Advertisement

Wednesday, February 10, 2016

Campaign aims to digitalize Phog Allen documents

The legendary KU coach Phog Allen in the 1950s.

The legendary KU coach Phog Allen in the 1950s.

Advertisement

KU Libraries has launched a crowdsourcing campaign entitled, “Cordially yours, Forrest Allen: Preserving the legacy of the Phog.”

The campaign, according to a university news release, is “an effort to remedy deterioration through the preservation and digitization of more than 66,000 Phog Allen documents.”

Documents currently housed at the University Archives at KU Libraries (in the Kenneth Spencer Research Library) include “blueprints of an experimental backboard, scripts of Allen’s radio program, and his correspondence featuring a set of letters between Allen and a very young Bob Dole.”

To help digitize and preserve such documents, KU fans can make donations online.

“Housing paper records in the University Archives does not, unfortunately, ensure that the paper they are printed on will be available forever. Paper deteriorates,”  Becky Schulte, university archivist for KU Libraries, said in the release. “Creating a digital archive is state-of-the-art in today’s environment, guaranteeing the best means to make materials available for future generations."

To thank donors for their participation, incentives are provided at varying donation levels and include a chance to win KU basketball tickets, an invitation to a private event and more.

For more information go to the KU Libraries’ digitalization resources page.

Follow KU Libraries on Twitter, Facebook and Instagram for more updates. 

— See what people were saying about No. 6 KU vs. No. 10 WVU during KUsports.com’s live coverage


More news and notes from KU’s home win over West Virginia




By the Numbers: Kansas 75, West Virginia 65

By the Numbers: Kansas 75, West Virginia 65

Comments

Bert White 3 years, 9 months ago

The link to the donation page is broke... It has an extra http://, a space, and you forgot the : after the https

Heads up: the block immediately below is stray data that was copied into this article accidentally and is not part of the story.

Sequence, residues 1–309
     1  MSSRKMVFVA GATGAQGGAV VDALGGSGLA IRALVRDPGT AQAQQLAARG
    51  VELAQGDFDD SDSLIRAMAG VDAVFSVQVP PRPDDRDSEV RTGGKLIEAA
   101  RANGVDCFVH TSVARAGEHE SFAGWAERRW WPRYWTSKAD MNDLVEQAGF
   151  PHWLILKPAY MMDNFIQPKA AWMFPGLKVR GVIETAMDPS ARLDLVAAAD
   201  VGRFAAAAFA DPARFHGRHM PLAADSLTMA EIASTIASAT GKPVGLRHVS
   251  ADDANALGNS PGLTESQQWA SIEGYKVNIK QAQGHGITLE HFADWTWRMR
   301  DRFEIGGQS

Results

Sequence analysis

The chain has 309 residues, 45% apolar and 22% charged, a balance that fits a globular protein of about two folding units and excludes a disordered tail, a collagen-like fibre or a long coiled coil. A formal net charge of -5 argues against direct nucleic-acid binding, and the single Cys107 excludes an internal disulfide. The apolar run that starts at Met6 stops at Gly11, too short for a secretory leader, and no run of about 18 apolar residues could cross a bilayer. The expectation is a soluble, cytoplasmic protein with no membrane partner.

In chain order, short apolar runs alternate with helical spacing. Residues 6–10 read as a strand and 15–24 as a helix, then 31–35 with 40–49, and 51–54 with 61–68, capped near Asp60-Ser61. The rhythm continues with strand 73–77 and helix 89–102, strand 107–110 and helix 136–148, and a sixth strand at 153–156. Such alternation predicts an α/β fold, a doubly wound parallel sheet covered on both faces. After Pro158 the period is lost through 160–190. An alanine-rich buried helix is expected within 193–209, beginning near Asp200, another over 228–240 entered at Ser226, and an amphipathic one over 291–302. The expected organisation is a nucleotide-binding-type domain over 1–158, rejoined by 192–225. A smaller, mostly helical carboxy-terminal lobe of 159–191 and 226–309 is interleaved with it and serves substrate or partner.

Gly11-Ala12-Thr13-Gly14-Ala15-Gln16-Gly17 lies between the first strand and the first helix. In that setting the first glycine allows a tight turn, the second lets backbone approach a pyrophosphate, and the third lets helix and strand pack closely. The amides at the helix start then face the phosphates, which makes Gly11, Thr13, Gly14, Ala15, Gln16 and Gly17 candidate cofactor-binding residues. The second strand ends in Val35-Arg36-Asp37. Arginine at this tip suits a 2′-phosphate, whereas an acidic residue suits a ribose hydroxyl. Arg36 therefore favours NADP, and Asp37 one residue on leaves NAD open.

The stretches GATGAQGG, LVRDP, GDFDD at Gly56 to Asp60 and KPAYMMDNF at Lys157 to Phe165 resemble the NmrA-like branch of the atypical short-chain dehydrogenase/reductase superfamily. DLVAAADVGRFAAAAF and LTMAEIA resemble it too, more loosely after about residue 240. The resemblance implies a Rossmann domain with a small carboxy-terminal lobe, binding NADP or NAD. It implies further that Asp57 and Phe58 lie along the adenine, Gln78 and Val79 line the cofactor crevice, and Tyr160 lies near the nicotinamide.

http://%20https//www.launchku.org/project/1716 should be https://www.launchku.org/project/1716

Suzi Marshall 3 years, 9 months ago

The technology now available makes the cost for projects like this very cost effective. The George C Marshall Foundation (marshall foundation.org) has been digitizing all his papers rot about a dozen years. The Washington Papers have commenced a similar project.

If you have interest in the 20th century history, it is very easy to query the database.

Cameron Cederlind 3 years, 9 months ago

That's why i'm wondering why they need donations, you'd think this venture would be a cheap in house project the university would pay for. Like half of 1 kids tuition for a semester.

Joe Ross 3 years, 9 months ago

A few months ago, I had contacted a LJW staff writer about some correspondence between Phog Allen and Harry S Truman, who were boyhood friends growing up in Independence, MO. In fact, the two lived a block and a half from each other. Harry was never an athlete, but Phog coached Harry's wife Bess in basketball before the two were married. Their friendship remained close through the years, and the two even wrote with regard to Phog Allen's son who was stationed in Korea during the Cold War (if you know anything about the Truman Doctrine, you'll understand that Phog had an avenue straight to the source with regard to the welfare of his son). Truman also congratulated Phog on his accomplishments at the University of Kansas, and could be considered a fan by virtue of his close friendship with Allen. Many of these documents are on record at the Presidential Library in Independence, MO. I had hoped to hear of progress on this story by this point, but I am waiting patiently as I was told that occasionally a feature story is done of that nature. What a great time it would be to bring this to light, with the recent displaying of the tradition of Kansas basketball with Naismith. This kind of information seems right in that vein, only through the life of Phog Allen.

Suzi Marshall 3 years, 9 months ago

Harry Truman was an amazing person. It seems everyone in KC during his era had some kind of uniquely personal relationship with him. So many were with him in France and later Marshal's for him when he severed as Jackson County Judge, through his presidency. I'll never forget the scolding we received for missing the Truman wake at the Truman library so we could attend the KU Christmas Big 12 basketball game.

On one of my many trips to the Truman Library, I was elated to learn of his relationship to Allen (http://jchs.org/blog/2014/3/7/did-you-know-phog-allen-grew-up-in-independence).

Commenting has been disabled for this item.